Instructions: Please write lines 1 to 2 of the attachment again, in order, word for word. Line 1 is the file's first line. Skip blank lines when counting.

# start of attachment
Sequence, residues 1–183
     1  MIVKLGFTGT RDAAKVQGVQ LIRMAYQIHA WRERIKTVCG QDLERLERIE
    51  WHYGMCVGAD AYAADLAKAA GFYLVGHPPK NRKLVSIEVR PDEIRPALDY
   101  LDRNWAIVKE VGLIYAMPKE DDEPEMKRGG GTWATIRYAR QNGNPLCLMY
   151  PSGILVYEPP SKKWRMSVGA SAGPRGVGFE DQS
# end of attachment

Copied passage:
Sequence, residues 1–183
     1  MIVKLGFTGT RDAAKVQGVQ LIRMAYQIHA WRERIKTVCG QDLERLERIE